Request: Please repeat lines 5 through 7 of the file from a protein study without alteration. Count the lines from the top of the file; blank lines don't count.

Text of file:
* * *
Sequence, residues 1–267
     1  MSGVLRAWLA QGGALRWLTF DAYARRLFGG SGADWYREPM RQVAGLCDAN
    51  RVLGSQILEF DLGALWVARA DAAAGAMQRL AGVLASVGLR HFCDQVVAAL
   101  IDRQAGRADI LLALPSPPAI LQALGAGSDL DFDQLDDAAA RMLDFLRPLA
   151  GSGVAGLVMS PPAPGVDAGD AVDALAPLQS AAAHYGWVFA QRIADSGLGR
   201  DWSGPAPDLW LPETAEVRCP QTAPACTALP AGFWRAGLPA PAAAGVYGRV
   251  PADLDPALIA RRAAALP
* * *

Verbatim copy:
   151  GSGVAGLVMS PPAPGVDAGD AVDALAPLQS AAAHYGWVFA QRIADSGLGR
   201  DWSGPAPDLW LPETAEVRCP QTAPACTALP AGFWRAGLPA PAAAGVYGRV
   251  PADLDPALIA RRAAALP